Sunday, 24 March 2013

A Tribute To Roger Corman


A Tribute To Roger Corman


After all these years of movie viewing, one can almost watch a particular film of a particular genre and say, “Yep, that’s a Corman!” For me this is particularly true in the case of Roger Corman’s involvement and influence in the genre of science fiction film.


Roger William Corman


  • Born: 5 April 1926, Detroit, Michigan, USA
  • Studied engineering at Stanford.
  • After working only three days as an engineer at U.S. Electrical Motors he quit.
  • Corman took a job as a messenger for 20th-Century Fox.
  • Rose to the position of story analyst.
  • Studied modern English literature at Oxford and roamed around Europe for a year.
  • Returned to the U.S. intending to become a screenwriter/producer.
  • Corman sold his first script in 1953, "The House in the Sea," which was released under the title “Highway Dragnet” in 1954.
  • Aware of the discrepancy between his initial intention or vision behind his film and what actually turned out on the screen, Corman turned to becoming a producer with the film, “Monster from the Ocean Floor” in 1954.
  • Corman then struck a deal with a company called American Releasing which became the well-known American International Pictures (AIP). Corman was now part of one of the most successful independent studios.
  • Lacking any real formal training, Corman took to directing and over a 15 year period directed about 53 films, mostly for AIP.
  • Corman’s movie-making “trademark” was his uncanny ability to put together quick, cheap productions sometimes even several movies in his capacity as director or producer or both in just a single year! For example, nine movies in just 1957, not to mention the original version of The Little Shop of Horrors which he shot in just two days and a night in 1960!
  • Both critical acclaim and commercial success came with a series of adaptations of Edgar Allan Poe stories, often starring (who else?) Vincent Price.
  • Corman’s 1962 film, The Intruder concerning racial integration in the South won a prize at the Venice Film Festival, but it was not a commercial success. As a result, he shied away from making films containing overt or direct messages, in favour of films that were entertaining while leaving the social and political issues to filter through beneath the surface.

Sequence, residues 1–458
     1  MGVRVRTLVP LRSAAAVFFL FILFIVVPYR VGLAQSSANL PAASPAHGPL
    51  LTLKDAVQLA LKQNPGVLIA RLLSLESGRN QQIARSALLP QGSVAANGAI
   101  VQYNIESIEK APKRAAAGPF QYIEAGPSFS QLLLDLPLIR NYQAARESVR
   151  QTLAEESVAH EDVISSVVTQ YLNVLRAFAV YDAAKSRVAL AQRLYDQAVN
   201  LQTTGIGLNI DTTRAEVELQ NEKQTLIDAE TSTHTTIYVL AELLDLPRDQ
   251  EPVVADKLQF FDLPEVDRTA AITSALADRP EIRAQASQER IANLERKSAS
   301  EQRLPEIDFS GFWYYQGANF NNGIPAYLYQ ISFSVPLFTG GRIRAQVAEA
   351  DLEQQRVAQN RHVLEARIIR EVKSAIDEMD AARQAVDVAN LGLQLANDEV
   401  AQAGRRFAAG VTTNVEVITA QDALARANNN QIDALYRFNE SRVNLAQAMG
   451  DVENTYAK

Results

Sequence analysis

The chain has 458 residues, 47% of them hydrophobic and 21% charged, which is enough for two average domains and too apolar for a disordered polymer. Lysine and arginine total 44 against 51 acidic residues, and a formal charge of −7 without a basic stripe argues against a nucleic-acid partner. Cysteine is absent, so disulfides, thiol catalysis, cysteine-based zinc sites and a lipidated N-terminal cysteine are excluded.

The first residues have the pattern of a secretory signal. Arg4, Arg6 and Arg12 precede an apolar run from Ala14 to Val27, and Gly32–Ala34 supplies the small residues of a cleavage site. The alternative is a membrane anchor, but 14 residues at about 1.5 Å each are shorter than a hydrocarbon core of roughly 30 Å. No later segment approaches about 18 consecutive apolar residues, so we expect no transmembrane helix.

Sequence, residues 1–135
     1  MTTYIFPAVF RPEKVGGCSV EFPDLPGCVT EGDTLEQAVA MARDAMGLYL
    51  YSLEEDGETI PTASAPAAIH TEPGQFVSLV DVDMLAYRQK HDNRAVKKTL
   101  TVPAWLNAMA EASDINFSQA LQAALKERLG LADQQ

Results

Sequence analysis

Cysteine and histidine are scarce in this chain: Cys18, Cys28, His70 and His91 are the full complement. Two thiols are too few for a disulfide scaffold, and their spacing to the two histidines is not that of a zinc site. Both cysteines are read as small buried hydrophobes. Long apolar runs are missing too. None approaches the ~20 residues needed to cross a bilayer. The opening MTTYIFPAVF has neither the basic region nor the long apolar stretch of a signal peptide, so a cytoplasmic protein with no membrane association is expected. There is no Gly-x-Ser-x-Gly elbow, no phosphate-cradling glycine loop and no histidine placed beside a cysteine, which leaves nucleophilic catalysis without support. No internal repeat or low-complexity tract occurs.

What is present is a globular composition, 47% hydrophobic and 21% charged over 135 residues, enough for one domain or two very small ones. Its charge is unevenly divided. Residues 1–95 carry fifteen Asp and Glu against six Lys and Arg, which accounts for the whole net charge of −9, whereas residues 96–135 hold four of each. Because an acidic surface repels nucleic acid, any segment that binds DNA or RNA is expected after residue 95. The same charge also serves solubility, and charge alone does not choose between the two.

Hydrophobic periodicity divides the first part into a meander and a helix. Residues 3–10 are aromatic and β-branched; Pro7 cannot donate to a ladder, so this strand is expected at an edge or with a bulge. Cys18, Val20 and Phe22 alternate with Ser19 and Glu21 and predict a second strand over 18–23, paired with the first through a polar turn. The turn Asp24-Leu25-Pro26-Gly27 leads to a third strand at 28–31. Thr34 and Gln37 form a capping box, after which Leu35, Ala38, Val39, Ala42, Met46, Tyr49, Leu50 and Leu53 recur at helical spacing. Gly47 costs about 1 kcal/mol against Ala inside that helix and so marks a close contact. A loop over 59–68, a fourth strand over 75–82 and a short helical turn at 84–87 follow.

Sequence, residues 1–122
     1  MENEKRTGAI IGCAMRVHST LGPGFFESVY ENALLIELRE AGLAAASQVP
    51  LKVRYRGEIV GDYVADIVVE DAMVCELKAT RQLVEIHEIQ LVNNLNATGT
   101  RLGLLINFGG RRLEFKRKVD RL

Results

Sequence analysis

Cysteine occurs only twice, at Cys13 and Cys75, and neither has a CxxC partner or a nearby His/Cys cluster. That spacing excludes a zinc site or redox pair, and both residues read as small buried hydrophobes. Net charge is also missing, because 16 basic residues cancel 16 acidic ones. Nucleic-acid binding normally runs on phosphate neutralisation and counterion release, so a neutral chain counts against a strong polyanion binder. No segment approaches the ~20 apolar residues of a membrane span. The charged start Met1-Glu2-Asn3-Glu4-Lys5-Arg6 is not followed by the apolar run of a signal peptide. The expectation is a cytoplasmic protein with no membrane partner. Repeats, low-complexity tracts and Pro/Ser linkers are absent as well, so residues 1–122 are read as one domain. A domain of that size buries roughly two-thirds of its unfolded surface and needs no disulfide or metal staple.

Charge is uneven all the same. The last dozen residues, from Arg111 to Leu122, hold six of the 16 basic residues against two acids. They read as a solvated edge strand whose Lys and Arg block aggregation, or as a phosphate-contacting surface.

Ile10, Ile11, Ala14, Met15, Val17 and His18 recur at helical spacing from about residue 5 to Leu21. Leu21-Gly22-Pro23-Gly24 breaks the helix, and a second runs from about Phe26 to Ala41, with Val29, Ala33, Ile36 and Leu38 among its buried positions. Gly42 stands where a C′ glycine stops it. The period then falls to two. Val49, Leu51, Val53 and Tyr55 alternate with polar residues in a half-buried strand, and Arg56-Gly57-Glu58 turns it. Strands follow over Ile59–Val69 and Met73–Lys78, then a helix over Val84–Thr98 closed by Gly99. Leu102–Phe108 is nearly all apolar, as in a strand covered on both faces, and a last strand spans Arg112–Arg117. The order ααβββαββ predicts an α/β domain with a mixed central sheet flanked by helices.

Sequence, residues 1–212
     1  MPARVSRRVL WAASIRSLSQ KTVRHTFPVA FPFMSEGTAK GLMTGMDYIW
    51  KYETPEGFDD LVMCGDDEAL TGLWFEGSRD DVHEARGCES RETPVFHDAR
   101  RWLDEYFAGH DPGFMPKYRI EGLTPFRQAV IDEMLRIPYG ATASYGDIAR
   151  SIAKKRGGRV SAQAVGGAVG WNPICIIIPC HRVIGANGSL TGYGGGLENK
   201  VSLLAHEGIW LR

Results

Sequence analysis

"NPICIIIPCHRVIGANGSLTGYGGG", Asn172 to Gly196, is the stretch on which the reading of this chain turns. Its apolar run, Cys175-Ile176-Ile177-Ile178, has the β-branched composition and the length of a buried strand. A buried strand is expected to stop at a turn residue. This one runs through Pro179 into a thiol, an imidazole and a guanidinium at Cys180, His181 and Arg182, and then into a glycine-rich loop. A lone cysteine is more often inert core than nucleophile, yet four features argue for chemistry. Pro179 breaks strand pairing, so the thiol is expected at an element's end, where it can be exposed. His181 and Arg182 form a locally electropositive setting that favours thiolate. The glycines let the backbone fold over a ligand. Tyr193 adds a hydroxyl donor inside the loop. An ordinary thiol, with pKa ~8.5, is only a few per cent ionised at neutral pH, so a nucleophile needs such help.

• Corman left AIP after it began re-editing his films without his knowledge or consent and he retired from directing to focus on production and distribution through his own newly-formed company New World Pictures. This company went on to deal with low budget films through to distributing the films of the likes of Ingmar Bergman, Akira Kurosawa, Federico Fellini and François Truffaut.
  • After selling off New World in the 1980s, Corman was involved with various companies such as, Concorde Pictures, New Horizons, and Millenium Pictures.
  • Corman has published his biography "How I Made A Hundred Movies in Hollywood And Never Lost A Dime,” and returned to directing with the film, Frankenstein Unbound in 1990.
  • In 2009, Roger Corman was honoured with an Academy Award for Lifetime Achievement.



It seems that Roger Corman could be viewed from a variety of stand points, among them being;
  • A prolific producer
  • Energetic
  • Frenzied pace-setter
  • Successful
  • "The King of the Cult Film"
  • "The Pope of Pop Cinema"
  • Mentor of greats such as Francis Ford Coppola, Martin Scorsese, Jack Nicholson, James Cameron, Robert De Niro, Peter Bogdanovich, Joe Dante and Sandra Bullock

Whatever the case may be, Roger Corman has never pretended to have been a great director or producer. It seems clear that his intent has been to create profitable and successful films that people will enjoy watching, hopefully more than once. I know I have! And here are some of those films by the maestro, Roger Corman that will be featured in this blog;

  • The Daythe World Ended 1956 (Director, Producer: Roger Corman's entree into the realm of science fiction.)
  • It Conquered the World 1956 (Director, Producer)
  • Attackof the Crab Monsters 1957 (Director, Producer)
  • The Brain Eaters 1958 (Executive Producer)
  • War of the Satellites  1958 (Director, Producer)
  • Attack of the Giant Leeches 1959 (Executive Producer)
  • The Man with X-Ray Eyes 1963 (Director, Producer)


Enjoy this film clip featuring Roger Corman;









©Chris Christopoulos 2013